[su_row] [su_column size="1/2" center="no" class=""] Pills [/su_column] [su_column size="1/2" center="no" class=""] Representatives from the Universidad de Córdoba in Colombia recently visited Stempel College as the two institutions embark on a new research project together. “These relationships that we are forging with the Universidad de Córdoba and other universities in Colombia will advance our research and educational agenda in Latin America, which is directly linked to Stempel’s college excellence and mission,” said Stempel Dean Tomás R. Guilarte. [/su_column] [/su_row]

FIU and Stempel College Walk to Raise Suicide Awareness

[su_row] [su_column size="1/2" center="no" class=""] Pills [/su_column] [su_column size="1/2" center="no" class=""] Suicide comes to the forefront when a celebrity passes away but, for many, it is a persistent daily thought. According to the American Foundation for Suicide Prevention (AFSP), suicide is the 10th leading cause of death in the U.S. and the 3rd leading cause of death for ages 15-24 in Florida - and it is on the rise. [/su_column] [/su_row]

Stempel College celebrates student research with first Research Day

[su_row] [su_column size="1/2" center="no" class=""] Pills [/su_column] [su_column size="1/2" center="no" class=""] Stempel College recently celebrated the research and dedication of its students with the college’s first Research Day. Students showcased twenty-four ongoing research projects, from both the Ph.D and master’s levels, across all disciplines at the college. It was an opportunity for students, faculty and staff to learn about the work being done throughout the college and opportunity for students to gain more experience in explaining their research. [/su_column] [/su_row]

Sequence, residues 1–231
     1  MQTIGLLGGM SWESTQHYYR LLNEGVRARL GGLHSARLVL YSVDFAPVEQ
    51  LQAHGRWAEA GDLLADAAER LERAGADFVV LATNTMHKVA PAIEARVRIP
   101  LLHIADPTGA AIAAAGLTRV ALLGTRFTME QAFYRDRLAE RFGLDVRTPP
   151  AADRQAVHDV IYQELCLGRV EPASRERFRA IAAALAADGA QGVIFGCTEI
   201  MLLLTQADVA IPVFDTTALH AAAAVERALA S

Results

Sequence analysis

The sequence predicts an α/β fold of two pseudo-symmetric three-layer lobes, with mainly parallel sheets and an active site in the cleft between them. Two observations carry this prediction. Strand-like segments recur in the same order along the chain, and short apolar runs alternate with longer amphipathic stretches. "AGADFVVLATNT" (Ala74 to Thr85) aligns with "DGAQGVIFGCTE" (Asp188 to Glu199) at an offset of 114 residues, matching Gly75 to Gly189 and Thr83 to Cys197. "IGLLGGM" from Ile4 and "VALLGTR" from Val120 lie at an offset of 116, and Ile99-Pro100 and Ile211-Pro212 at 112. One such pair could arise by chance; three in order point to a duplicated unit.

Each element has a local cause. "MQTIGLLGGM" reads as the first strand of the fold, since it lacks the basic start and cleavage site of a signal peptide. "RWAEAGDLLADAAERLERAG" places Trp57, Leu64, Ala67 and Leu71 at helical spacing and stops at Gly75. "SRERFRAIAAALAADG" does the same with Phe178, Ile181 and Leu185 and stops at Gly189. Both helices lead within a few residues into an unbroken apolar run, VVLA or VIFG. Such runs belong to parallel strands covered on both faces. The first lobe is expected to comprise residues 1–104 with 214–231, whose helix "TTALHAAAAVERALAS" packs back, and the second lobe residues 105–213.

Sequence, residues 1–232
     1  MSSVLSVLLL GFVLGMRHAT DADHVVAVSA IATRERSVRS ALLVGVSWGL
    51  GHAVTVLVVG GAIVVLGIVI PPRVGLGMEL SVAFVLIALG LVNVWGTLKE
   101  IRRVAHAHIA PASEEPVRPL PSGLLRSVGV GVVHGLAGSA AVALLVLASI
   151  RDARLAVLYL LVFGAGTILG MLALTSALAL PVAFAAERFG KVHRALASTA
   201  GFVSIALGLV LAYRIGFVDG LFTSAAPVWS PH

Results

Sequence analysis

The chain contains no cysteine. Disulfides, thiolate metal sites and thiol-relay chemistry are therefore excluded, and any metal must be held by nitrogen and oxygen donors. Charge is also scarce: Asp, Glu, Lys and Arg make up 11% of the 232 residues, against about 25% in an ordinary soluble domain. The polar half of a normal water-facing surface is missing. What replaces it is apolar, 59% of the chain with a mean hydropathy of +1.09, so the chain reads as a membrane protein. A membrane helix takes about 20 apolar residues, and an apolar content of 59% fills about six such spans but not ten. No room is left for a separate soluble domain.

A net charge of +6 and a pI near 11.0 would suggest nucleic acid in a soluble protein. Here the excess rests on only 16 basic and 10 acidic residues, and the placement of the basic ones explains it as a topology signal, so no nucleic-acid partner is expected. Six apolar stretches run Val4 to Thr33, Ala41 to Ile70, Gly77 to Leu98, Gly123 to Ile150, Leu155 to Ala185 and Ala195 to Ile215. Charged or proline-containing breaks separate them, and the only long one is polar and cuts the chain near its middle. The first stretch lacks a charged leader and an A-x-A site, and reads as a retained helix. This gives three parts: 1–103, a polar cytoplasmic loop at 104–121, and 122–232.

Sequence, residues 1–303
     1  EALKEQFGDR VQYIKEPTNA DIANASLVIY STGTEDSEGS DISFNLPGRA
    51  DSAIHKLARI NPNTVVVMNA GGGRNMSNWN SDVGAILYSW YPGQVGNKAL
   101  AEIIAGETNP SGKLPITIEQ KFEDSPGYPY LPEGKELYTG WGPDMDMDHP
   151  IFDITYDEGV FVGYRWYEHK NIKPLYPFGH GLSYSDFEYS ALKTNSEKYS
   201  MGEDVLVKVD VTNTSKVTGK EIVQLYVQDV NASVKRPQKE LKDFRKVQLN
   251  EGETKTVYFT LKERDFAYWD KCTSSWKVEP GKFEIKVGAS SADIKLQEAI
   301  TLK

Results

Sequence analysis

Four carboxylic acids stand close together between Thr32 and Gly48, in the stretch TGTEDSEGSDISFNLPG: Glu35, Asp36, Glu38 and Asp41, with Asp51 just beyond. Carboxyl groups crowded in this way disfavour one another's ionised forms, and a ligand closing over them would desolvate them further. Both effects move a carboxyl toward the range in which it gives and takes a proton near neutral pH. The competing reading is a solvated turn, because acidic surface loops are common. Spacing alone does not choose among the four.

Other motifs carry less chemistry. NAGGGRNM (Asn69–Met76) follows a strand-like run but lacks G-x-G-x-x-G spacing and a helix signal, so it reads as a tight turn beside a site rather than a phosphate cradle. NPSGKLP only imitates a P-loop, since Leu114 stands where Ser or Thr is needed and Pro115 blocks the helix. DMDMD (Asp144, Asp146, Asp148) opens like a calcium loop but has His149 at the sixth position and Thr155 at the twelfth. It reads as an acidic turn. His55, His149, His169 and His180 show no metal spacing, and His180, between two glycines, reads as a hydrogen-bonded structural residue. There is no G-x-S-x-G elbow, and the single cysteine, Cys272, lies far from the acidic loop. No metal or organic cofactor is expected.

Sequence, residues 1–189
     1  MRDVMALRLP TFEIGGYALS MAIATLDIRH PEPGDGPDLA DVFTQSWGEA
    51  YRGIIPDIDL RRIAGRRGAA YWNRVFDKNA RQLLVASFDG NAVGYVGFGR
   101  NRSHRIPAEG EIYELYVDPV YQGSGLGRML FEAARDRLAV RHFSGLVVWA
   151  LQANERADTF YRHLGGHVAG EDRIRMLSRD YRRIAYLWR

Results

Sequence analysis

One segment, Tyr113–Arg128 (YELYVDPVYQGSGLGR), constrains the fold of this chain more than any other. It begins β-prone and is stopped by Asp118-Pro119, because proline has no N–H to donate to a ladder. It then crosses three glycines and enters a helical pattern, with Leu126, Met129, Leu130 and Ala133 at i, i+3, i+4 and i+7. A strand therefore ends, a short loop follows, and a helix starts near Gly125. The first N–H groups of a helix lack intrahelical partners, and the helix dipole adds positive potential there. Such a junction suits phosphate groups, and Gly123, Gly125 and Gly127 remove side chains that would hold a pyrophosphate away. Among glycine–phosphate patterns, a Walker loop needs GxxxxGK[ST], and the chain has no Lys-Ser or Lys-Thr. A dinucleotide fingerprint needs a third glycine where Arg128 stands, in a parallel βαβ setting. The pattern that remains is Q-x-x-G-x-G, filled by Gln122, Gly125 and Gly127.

Stempel College delegation tackles public health in Colombia

[su_row] [su_column size="1/2" center="no" class=""] Pills [/su_column] [su_column size="1/2" center="no" class=""] A delegation of Stempel College representatives, led by Dean Tomás R. Guilarte and Carlos Espinal, director of the Global Health Consortium, recently visited Colombia as part of the college’s efforts to strengthen ties and improve public health in the country. The Global Health Consortium is focusing much of its efforts in Colombia, while the college looks to strengthen ties with deeper and broader collaborations in the region. The four-day, multi-city tour was a chance for researchers and leadership to engage with local stakeholders and organizations that can boost the college’s collaborative opportunities in research areas that include neurodegenerative diseases and cancer. [/su_column] [/su_row]

Childhood trauma affects brain and increases risk of substance use in adolescence, study finds

[su_row] [su_column size="1/2" center="no" class=""] Pills [/su_column] [su_column size="1/2" center="no" class=""] A new study led by social work professor Nicole Fava and psychology professor Elisa Trucco, from the College of Arts, Sciences & Education, found that traumatic childhood experiences like domestic violence, abuse and parental incarceration impact brain functioning and increase the risk of substance use during adolescence. The study was done through the FIU Center for Children and Families in collaboration with researchers at the University of Michigan. They assessed 465 children that experienced adversity beginning at ages 3-5 and followed them through early adolescence. Researchers were interested in understanding why children exposed to adversity in early childhood are more likely to misuse substances later in life. [/su_column] [/su_row]